Overhead includes everything that’s needed to keep your business running, from rent and electricity to marketing expenses, office supplies, software subscriptions, and insurance. Understanding these costs allows you to factor them into every job you bid, so at the very least you bring in enough money to keep the lights on.
Assuming you’d like to do more than just break even, though, adding the right amount of markup can be a critical balancing act. Too much and you could price yourself out of a job; too little and you’ll stunt your own growth.
While there’s no perfect answer for exactly how much to mark up your services, it’s important to base the rate on more than just a national average for similar commercial landscaping jobs.
Knowing what other landscapers charge for similar work is important, but you also have to consider what a particular job is worth to you in the final price.
Is the client easy or difficult to work with? Are they known for delivering payment on time or late? Are they likely to send more work your way in the future? How easy will it be to integrate the project into your current workload? Is the property outside your normal service area? How much revenue will they bring in overall?
Thinking through questions like these can help you determine the level of markup you’d need to make pursuing a particular job worthwhile.
Review past work
When you’re estimating a new job, it can be helpful to look back at your past work. Have you provided a similar service for a different client in the past? What did you estimate for that job, and how did it compare to what you eventually spent?
One of the keys to becoming a highly profitable business in the landscape industry is critically evaluating your data.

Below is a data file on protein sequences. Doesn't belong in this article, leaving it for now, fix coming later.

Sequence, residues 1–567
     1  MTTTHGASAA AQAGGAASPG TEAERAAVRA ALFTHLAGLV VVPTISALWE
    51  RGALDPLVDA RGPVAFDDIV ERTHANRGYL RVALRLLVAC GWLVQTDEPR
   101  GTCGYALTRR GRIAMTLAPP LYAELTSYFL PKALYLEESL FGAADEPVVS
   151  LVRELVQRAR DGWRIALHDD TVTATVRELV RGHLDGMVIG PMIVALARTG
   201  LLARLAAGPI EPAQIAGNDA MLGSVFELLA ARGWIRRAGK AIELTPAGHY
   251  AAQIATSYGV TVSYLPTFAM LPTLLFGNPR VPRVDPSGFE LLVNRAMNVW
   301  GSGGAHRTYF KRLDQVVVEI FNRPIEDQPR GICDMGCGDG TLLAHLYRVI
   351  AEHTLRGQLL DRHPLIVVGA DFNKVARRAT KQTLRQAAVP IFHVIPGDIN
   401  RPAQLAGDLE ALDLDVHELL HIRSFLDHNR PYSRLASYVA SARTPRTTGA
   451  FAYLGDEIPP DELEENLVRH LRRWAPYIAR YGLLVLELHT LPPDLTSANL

How much did you charge for landscaping services last year? What was your average hourly rate? How much time did crews spend in the shop instead of on the job site? What were your total material costs, subcontractor costs, or equipment costs? What did you spend on payroll taxes or in sales tax?
If you have reliable job costing data, it's easy to find answers to these types of questions. If your data is incomplete or inaccurate, though, use caution in applying those insights to future work.
Evaluate subcontractor proposals
When you need to include the cost for subcontractors on an estimate, don’t assume their proposals are all created equal. Often, you can’t compare numbers directly because they’ve taken slightly different approaches—and their proposals may include different things.
Before you pick the lowest one and use that number for your estimate, review the details of what they include closely and compare them based on the priorities for your project. That way you know what needs to be included in your own calculations, and what’s already accounted for in theirs.
Check your numbers
There’s nothing worse than doing all this legwork, then sending an estimate that’s wrong because a number was entered incorrectly but no one caught it.
Before you press “send,” check, recheck, and check again. Especially when you use a system that relies on a lot of manual data entry, it’s important to go through the estimate multiple times to make sure everything looks the way it should. If possible, have a few different people take a look internally before you send it off to the client.
Thorough, well-organized, accurate estimates form the foundation of a good landscape business. For more practical advice on creating winning estimates, download our free Estimating handbook below. (It also includes a complimentary checklist, webinar, and infographic.)